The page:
Remedial Law

Nixon Treyes vs. Antonio Larlar

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G.R. No. 232579 – Remedial Law – Special Proceedings – Settlement of Estate – Jurisdiction of Probate Courts; Successional rights may be enforced by an heir even without undergoing special proceedings; Abandonment/clarification of the doctrine laid down in the cases of Heirs of Ypon vs. Gaudioso Ricafrente and Heirs of Gabatan vs. CA

Nixon Treyes and Rosie Treyes were husband and wife who have accumulated several real properties in various parts of the Philippines. They have no children. In 2008, Rosie died. She was survived by Nixon and seven siblings (Antonio Larlar et al.).

After the death of Rosie, Nixon executed two affidavits of self-adjudication and he was able to consolidate Rosie’s estate under his name. In 2012, Antonio et al. found out about what Nixon did and they filed a civil action for cancellation of titles and recovery of properties against Nixon on the ground that under the Civil Code, when the brothers and sisters of a deceased married sister survive with her widower, the latter shall be entitled by law to one-half of the inheritance and the brothers and sisters to the other half.

Nixon sought for the dismissal of the civil action on the ground that under the cases of Ypon and Gabatan, Antonio et al. must first file for a special proceeding for them to be declared as heirs before they can file a civil action asserting the rights of an heir.

ISSUE: Whether or not Nixon is right.

HELD: No. Ypon and Gabatan and other similar cases were abandoned.

Antonio et al. are not seeking to establish a status or a right. They are not seeking to be declared as heirs. Hence, they are not expected to file a special proceedings case to be declared as heirs of Rosie, their sister. They are heirs by operation of law. Under the law, successional rights arise the moment the predecessor-in-interest dies.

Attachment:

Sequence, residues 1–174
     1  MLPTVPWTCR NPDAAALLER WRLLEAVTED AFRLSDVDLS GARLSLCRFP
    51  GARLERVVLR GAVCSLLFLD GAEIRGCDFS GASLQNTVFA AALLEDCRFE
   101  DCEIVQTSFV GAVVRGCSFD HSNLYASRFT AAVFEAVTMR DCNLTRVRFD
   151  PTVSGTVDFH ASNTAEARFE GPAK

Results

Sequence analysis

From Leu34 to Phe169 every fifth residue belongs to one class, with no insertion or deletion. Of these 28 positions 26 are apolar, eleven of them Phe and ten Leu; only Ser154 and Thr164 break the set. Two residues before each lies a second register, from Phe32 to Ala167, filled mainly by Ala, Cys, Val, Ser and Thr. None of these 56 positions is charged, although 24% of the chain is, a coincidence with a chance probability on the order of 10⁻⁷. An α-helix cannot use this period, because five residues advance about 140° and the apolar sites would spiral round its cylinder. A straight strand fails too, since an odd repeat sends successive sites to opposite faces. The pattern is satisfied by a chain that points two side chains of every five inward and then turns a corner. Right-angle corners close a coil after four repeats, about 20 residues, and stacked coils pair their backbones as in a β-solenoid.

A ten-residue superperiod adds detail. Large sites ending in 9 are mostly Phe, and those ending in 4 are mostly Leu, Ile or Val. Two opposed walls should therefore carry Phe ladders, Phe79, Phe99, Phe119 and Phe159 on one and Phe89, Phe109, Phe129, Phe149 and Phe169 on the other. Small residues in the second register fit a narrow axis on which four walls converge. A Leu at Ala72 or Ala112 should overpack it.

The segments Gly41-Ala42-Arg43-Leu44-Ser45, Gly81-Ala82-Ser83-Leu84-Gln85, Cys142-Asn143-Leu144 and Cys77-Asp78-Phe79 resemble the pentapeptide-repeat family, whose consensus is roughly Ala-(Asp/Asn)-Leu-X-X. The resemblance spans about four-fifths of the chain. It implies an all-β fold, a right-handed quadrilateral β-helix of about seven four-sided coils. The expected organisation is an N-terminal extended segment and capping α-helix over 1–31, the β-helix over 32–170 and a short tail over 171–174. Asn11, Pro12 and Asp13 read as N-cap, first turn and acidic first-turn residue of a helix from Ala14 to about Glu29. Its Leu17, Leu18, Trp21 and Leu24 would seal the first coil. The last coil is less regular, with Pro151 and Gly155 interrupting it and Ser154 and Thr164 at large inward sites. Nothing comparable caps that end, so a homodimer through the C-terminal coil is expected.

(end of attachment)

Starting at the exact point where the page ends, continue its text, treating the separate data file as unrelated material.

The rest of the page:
The doctrine in Ypon and Gabatan and other similar cases which declared that a prior determination of heirship in a separate special proceeding as a prerequisite before one can file an ordinary civil action to enforce ownership rights acquired by virtue of succession, is abandoned.

From now on, the rule is: unless there is a pending special proceeding for the settlement of the decedent’s estate or for the determination of heirship, the compulsory or intestate heirs may commence an ordinary civil action to declare the nullity of a deed or instrument, and for recovery of property, or any other action in the enforcement of their ownership rights acquired by virtue of succession, without the necessity of a prior and separate judicial declaration of their status as such. The ruling of the trial court shall only be in relation to the cause of action of the ordinary civil action, i.e., the nullification of a deed or instrument, and recovery or reconveyance of property, which ruling is binding only between and among the parties.

NOTE: The doctrine established in this case is very contentious. There were several Justices who dissented.

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